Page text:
The Supreme Court will hear a challenge from America's major broadcast networks that questions the FCC's ability to fine broadcasters for so-called "fleeting expletives" heard during live broadcasts. The highest court said this morning it would schedule the case for the fall.

Fox Broadcasting filed the challenge along with ABC, CBS and NBC. The case is specific to the FCC's fining of Fox for two broadcasts of the "Billboard Music Awards." NBC has a similar case pending that stems from U2 singer Bono uttering the F-word during the 2003 Golden Globe Awards while CBS is challenge the commission's fining it for Janet Jackson's famous "wardrobe malfunction" during the Super Bowl halftime show in February 2004.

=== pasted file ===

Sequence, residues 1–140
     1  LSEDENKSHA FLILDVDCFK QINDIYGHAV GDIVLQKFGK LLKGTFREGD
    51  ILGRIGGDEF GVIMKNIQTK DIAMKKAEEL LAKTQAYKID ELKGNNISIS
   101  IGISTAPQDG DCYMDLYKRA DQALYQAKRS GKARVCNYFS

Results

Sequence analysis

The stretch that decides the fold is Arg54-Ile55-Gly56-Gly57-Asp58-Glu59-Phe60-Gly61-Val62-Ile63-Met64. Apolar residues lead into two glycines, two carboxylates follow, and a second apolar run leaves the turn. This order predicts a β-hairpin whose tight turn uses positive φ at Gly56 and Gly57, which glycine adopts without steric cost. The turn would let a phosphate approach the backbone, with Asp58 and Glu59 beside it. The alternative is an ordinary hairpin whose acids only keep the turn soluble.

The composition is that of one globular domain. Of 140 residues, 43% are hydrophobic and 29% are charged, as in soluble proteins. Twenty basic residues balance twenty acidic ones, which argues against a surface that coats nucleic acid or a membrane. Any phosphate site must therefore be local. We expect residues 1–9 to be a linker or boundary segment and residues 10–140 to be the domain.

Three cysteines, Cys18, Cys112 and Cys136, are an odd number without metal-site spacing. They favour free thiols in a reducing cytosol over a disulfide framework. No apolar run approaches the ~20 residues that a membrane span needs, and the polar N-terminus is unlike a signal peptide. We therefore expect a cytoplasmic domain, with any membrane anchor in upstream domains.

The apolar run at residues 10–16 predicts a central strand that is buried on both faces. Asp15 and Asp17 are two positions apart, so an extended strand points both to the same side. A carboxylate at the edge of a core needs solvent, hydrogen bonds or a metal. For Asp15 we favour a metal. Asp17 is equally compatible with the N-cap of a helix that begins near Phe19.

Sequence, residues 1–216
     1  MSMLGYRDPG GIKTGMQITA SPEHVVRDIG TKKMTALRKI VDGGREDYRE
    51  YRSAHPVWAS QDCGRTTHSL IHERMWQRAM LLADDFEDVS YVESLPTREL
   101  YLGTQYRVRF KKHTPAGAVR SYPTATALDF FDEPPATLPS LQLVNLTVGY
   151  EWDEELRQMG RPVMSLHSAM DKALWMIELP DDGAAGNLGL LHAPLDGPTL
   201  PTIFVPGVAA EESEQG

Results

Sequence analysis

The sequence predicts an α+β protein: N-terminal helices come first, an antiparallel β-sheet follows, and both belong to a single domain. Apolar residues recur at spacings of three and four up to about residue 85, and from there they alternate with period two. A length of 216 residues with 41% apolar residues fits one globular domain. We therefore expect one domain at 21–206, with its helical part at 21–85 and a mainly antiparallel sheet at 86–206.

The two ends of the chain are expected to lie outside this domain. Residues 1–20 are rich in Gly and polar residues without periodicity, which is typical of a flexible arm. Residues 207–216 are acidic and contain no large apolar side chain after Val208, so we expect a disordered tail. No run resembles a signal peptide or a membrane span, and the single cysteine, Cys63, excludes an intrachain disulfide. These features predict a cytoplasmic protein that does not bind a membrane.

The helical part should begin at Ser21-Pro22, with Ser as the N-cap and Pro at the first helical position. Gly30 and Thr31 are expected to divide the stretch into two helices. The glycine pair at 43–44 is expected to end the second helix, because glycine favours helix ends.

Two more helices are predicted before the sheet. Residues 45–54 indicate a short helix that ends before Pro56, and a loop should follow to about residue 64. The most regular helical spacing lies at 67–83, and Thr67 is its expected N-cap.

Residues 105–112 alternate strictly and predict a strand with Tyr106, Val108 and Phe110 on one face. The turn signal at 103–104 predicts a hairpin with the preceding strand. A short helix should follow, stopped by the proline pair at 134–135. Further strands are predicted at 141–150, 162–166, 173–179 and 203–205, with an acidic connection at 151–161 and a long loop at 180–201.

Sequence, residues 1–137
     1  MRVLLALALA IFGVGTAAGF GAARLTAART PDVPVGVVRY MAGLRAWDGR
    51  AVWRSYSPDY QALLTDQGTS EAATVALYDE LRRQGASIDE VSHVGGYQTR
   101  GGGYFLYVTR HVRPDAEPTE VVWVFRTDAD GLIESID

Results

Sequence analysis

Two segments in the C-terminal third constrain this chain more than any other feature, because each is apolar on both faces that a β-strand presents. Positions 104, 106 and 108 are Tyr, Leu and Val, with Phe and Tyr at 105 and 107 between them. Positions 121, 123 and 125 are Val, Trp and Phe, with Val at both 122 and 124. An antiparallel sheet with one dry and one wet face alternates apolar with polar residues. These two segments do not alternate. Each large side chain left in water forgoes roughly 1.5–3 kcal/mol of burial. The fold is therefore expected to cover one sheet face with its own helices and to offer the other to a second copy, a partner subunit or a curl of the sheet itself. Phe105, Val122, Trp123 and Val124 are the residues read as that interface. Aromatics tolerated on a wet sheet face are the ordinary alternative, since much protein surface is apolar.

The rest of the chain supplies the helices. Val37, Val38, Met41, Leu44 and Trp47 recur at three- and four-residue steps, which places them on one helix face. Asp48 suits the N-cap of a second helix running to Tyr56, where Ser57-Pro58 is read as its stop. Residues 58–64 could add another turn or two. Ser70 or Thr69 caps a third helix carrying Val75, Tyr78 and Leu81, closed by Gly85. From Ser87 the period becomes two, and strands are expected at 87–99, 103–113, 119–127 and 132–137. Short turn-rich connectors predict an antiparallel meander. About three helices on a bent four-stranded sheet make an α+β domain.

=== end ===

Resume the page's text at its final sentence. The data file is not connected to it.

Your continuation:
A New York federal court ruled against the FCC's authority to enforce the profanity rule and the commission has appealed the case.

"I am pleased the Supreme Court will review the Second Circuit's decision in Fox vs. FCC," FCC chairman Kevin Martin said, responding to the court's decision to hear the case. "The Commission, Congress and, most importantly, parents understand that protecting our children is our greatest responsibility. I continue to believe we have an obligation then to enforce laws restricting indecent language on television and radio when children are in the audience."

NAB executive VP Dennis Wharton said his group was also happy that the Supreme Court accepted the case. "NAB is pleased the Supreme Court has agreed to review this case, and that Justices will provide badly needed clarity to both broadcasters and policymakers on this critically-important First Amendment case. We're confident that whatever the outcome of this case, local radio and television stations will be mindful of broadcasting's long history of providing programming that will reflect and respect the audiences that we serve."